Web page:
New Year’s Evil (Emmett Alston,1980)
“Is it a voice you recognize?”
“No… it’s inhuman. Evil.”
“That does not set him apart in this town. There’s enough evil floating around here to fill Death Valley.”
Los Angeles vee-jay Blaze (Roz Kelly, with I guess just enough bloom remaining on a fast fading rose after her brief tv stint as Fonzie’s tough talking girlfriend “Pinky” Tuscadero in Happy Days for the producers to think she still had some face recognition, irrespective of the distracting ‘New Yawk’ accent), hosting a New Year’s Eve rock show, finds herself contending with a nutcase caller (Kip Niven) killing a random person each hour as New Year’s hits each time zone… with the capper being the local psychologist the cops have called in having concluded (somehow, with dead certainty, no less) that Blaze is his intended last victim for the final, LA send-off of the night.
Straight from the heart of that grotty American slasher period New Year’s Evil comes, with those once golden Jews Golan and Globus of Cannon Films taking a swing this time. As formulaic as these films often were (with their psychologically-tormented male protagonists, their mother fixations and humiliated childhoods, bloody body counts on a specific holiday and reactionary views of sexuality), perhaps it’s just the nostalgic connection of their heyday coinciding with the boiling fiasco of my own early teen years that I somehow inevitably find them perversely intriguing, even when as overall blandly executed as “Evil” is.
Along with the golden era of the slasher, it was the fascinating time of lurid 80’s exploitation fare like Gary Sherman’s Vice Squad, where – as a way to stand apart and offer something different from the Hollywood studio fare — the more gritty and grotesque the view of the LA streets, the better, and, with our relatively uninspired killer Evil trolling those very streets for his next time-allotted kill, “Evil” manages to muster up some evocative views of the seedy landscape.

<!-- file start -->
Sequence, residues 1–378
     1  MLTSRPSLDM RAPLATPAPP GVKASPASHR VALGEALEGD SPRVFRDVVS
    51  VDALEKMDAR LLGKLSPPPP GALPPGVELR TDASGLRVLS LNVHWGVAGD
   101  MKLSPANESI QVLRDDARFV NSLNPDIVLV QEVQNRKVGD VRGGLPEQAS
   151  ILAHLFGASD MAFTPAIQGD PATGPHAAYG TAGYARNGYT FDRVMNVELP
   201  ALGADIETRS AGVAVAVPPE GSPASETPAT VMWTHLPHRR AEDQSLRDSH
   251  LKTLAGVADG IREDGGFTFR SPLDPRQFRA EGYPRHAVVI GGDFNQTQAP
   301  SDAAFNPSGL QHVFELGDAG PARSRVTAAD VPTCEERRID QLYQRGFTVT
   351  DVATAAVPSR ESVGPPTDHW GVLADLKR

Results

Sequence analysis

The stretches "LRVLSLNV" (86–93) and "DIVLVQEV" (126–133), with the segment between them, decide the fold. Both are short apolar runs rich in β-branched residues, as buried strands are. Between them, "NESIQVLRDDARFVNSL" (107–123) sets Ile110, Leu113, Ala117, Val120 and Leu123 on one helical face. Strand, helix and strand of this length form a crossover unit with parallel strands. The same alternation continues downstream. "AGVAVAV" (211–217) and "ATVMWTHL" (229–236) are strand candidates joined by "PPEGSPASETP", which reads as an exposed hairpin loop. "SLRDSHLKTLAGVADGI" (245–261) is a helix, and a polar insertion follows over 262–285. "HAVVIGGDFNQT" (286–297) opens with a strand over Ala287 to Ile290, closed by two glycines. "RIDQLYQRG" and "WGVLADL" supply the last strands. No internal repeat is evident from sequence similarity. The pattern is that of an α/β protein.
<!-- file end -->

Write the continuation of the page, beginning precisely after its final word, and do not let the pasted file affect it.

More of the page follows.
The acting and directing are wooden and the continuous return to the playing of the mediocre rock band (and the strangely somnambulistic celebrants on the dance floor – leading me to question every time we cut to them, who was directing these people?) that eats up the already short 80 plus minute screen time, ends up providing a lot of time to tune out (though, I have to admit, I did ultimately start finding the relatively crappy ‘metal’ song New Year’s Evil kinda catchy by the end… proving the rule, I guess, that nothing works like repetition)…
With the killer’s identity revealed right from the start (well… mostly… they do hold back one twist about him, and it’s a doozy – a preposterous one, but a doozy nonetheless) there is no ‘whodunnit’ component to keep us interested, rendering most of the scenes between Roz and the cops mostly listless, though we do wonder how Roz’s pretty boy, complete weirdo son Derek (Grant Cramer), unaccountably wearing a tuxedo, starved for affection, who keeps doing things like feverishly putting neglectful mommy’s stockings over his head when no one is around, is gonna somehow fit into it all by the end (and you can be sure he will).
New Year’s Evil isn’t a good film, by any stretch. Even the murder scenes are pretty underwhelming (it isn’t Joseph Zito directing, that’s for sure). And yet…
Like so many a slasher, even the dull ones, checking out New Year’s Evil (just a few days before the actual New Year’s, no less) provided an intriguing portal (through a slightly scratchy 35mm print, no less), a lurid peek at a strange time and place just on the outskirts of Hollywood movies. There are moments, such as the inebriated, slightly desperate middle-aged club girl coming out of the liquor store (after a very odd, dour exchange of Happy New Year’s with the black clerk who registers as more a local than a film extra), finding the car she was in now gone from the alley, then being led, one dropped shoe at a time, to the back dumpster where her violently murdered friend has been dumped for dead by Evil, in which Evil gloatingly awaits with lighter in hand to pull her in, that somehow come alive, almost despite themselves, imbued with this weird sense of scuzzy, oddball life.
It’s sordid, low-rent world where talent may not be king (or anywhere nearby), but there’s at least, on display, an attempt, sometimes even a lazy one, at good ol’, honest perversity. That counts for something in my book. The film doesn’t even have to be particularly good (case in point, New Year’s Evil), but it’s the unapologetic milieu of bad taste, without bothering with any of the canned moralizing from Hollywood, that somehow speaks closer to… something truthful.
Little side note, the dead party friend Sally is played by familiar big-boobed, high-pitched voiced Louisa Moritz, a Cannon and television regular whose familiarity led me to a little internet search after watching the film… only to discover, to my surprise, a far more savvy life lived than her ditzy roles would have anyone believe; born in Cuba, unable to speak English when she first arrived in America, she eventually graduated as a top-of-her-class lawyer and on to become a successful Beverly Hills hotel owner. Who woulda thunk it.